Posts Tagged ‘walden’

A Locally Grown Energy Upgrade

Tuesday, March 6th, 2012

By Shawn Dell Joyce
Elizabeth and John Capello signed up for the Ten Percent Challenge last summer, and decided to retrofit their historic Walden home with energy efficiency upgrades. The Capellos started off by having a home energy audit performed by the Regional Economic Community Action Program (RECAP), based in Middletown. The RECAP auditor made several suggestions that would reduce the Capellos’ energy use and utility bills by 10 percent or more this year.

The main suggestion was to reinsulate their attic, insulate the basement and floors, and upgrade the lighting. The Capellos decided to follow through with all the auditor’s suggestions and have RECAP perform the upgrades. A modest investment, and a few months later, the work was done and the savings began to show.

Elizabeth says that her home “feels warmer and more comfortable” with the thicker insulation. John agrees, adding that it’s safer as well since many of the upgrades improved the electrical usage and reduced the heat output of lighting and home heating. Additionally, the Capellos increased the value of their home, and lowered their monthly utility bills.

According to their recent bill from New York State Electric & Gas Co., the Capellos used four fewer kilowatt hours of electricity and three fewer therms of natural gas, much more than the initial 10 percent goal they set for their home by signing up for the Ten Percent Challenge. If you would like to save money and improve your home’s efficiency, you can sign up today, March 8, from 6:30 to 8 p.m. at the Walden Village Hall, 3rd Floor, 1 Municipal Square, Walden.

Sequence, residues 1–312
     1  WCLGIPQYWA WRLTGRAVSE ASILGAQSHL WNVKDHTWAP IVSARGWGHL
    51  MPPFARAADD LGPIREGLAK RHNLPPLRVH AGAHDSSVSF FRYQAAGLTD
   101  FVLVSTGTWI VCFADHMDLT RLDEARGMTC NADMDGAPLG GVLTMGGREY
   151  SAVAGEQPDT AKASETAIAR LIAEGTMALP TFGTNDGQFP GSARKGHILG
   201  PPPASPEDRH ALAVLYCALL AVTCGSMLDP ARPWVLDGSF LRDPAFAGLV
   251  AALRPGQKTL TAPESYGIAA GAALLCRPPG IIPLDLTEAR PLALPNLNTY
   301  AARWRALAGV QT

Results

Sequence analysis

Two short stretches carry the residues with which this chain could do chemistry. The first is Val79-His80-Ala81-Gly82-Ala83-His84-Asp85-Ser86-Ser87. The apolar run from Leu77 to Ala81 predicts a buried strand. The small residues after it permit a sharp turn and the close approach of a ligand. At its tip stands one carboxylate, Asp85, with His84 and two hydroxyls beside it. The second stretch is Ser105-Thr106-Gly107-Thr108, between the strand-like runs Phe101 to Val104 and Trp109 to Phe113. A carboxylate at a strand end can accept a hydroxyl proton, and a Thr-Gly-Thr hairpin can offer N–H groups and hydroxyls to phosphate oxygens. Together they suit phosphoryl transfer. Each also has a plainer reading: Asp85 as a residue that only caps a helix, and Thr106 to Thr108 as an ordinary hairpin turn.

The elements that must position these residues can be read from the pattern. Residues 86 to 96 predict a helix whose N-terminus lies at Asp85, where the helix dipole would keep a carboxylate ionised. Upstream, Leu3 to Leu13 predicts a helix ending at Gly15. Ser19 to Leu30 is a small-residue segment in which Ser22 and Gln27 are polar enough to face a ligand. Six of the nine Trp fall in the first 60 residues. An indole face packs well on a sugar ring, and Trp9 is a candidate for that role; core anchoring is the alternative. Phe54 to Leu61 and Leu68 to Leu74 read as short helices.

Bring your past utility bills, or a 12-month summary of electric and heating use for a Home Energy Makeover, and become part of a county-wide effort to reduce energy use (and costs) by 10 percent or more this year.

If you are looking towards renewable energy systems to reduce operating costs, the New York State Energy Research and Development Authority (NYSERDA) offers significant incentives for solar panels (photovoltaic), small wind and solar thermal systems, and a new program that allows you to finance the efficiency upgrades and renewable energy systems through your utility bill. That means the cost of owning a solar hot water system is financed at a very low rate and deducted from the energy savings on your bill. You don’t notice the added expense because it’s financed to be less than the energy savings. Your bill doesn’t increase but your energy efficiency does.

These programs and incentives don’t last long, so come to the Home Energy Makeover to learn how to take advantage of them now. If you have questions, contact Meridith Nierenberg, at Mid-Hudson Energy $mart Communities, or 845-331-2238, or the Ten Percent Challenge at or on facebook/MontgomeryTenPercent.

Shawn Dell Joyce is the director of the Wallkill River School in Montgomery.

Walden’s Library Takes 10% Challenge

Friday, November 4th, 2011

By Shawn Dell Joyce